All the extra stuff is great, but what about the music? True to their focus on the local community, Animas’ programming features a strong representation of the Denver electronic scene. Headliners include Psymbionic and jackLNDN, but the majority of the roster is made up of awesome up-and-coming DJs and producers like AZTEK and Freddy Rule. There’s a healthy mix of deep-house, bass music, and ambient deep-dub sounds from all over the electronic world, a perfect cocktail for Denver’s status as the “Bass Capital of the World”.


Each artist represents the collective sound ambience of Denver, but more importantly, Animas will showcase the rare collaborative spirit and experimental nature of our city’s creative culture, something Rowan would be sure to point out.

“I love that Denver’s music community isn’t afraid to experiment and think outside the box. this is the first thing I noticed [about Denver] when I really integrated into the bass and electronics scene. Artists just want to play the music they love, not so much the music that they think people want to hear, and the people of Denver are really receptive to that. It’s such a beautiful symbiotic relationship between the music community and the people who enjoy music in Denver.

While this sentiment has always been true for the Denver music scene, this synergistic culture is more important than ever in the post-pandemic world. We need live music to feed our souls and feed our economy. The stability of Denver residents, from small business owners to live artists to blue collar workers, is often tied to the city’s vibrant music scene. Without it, our economy and our demographics could be very different. This is why it is so important for us to support the local creative community in any way possible. It’s good for them, it’s good for your neighbor, and it’s good for the city.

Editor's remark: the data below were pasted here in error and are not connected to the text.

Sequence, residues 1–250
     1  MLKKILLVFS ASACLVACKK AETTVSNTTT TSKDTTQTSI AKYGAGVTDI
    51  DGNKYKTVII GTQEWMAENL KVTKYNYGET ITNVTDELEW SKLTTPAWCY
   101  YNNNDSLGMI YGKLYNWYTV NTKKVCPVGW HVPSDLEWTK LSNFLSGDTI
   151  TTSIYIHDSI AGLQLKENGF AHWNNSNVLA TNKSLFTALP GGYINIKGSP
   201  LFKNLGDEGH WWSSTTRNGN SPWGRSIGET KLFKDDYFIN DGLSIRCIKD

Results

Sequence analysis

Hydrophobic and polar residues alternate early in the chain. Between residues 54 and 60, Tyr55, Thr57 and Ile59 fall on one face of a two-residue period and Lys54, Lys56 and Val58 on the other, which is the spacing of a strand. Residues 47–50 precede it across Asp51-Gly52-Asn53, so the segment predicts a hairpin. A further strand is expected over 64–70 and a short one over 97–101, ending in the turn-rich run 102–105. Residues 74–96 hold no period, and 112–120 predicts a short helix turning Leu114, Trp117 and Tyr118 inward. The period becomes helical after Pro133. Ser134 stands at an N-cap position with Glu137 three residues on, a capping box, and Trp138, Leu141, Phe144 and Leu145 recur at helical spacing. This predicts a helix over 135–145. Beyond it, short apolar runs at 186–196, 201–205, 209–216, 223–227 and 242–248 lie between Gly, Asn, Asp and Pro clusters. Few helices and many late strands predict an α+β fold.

Photo by Brandon Johnson

While the live music industry has struggled to stay afloat over the past 18 months, it’s also important to tackle the narrative that our creative industry is powerless in the face of adversity. There is a lot of talk about the “new normal” in a post-pandemic world. For the music industry, that means (hopefully) giving more to artists and supporting local venues.

“It’s like when there’s a forest fire and flowers grow out of all that death and rot.” I just want the local community to know that we don’t have to wait for government programs. We don’t have to wait for handouts or big business to create these spaces. It is something that we can do on our own. Platforms like Patreon show that we don’t need to have thousands of followers to create something meaningful in our city and your community. Just through the support of the locals and your friends and family, it creates this gravity that people can truly grasp because it comes from a genuine desire to see our city grow for the better.

The music industry is infamous for the slimy and unethical nature of gatekeepers and executives. Thankfully, the Denver scene is constantly questioning these traditions, and people like Rowan deconstruct this distasteful narrative by hosting events and festivals that represent the more positive side of the business. The Animas Music and Arts Carnival not only represents the spirit of Denver, but the festival also aims to contribute to a new post-pandemic music industry focused on creativity, collaboration and compassion.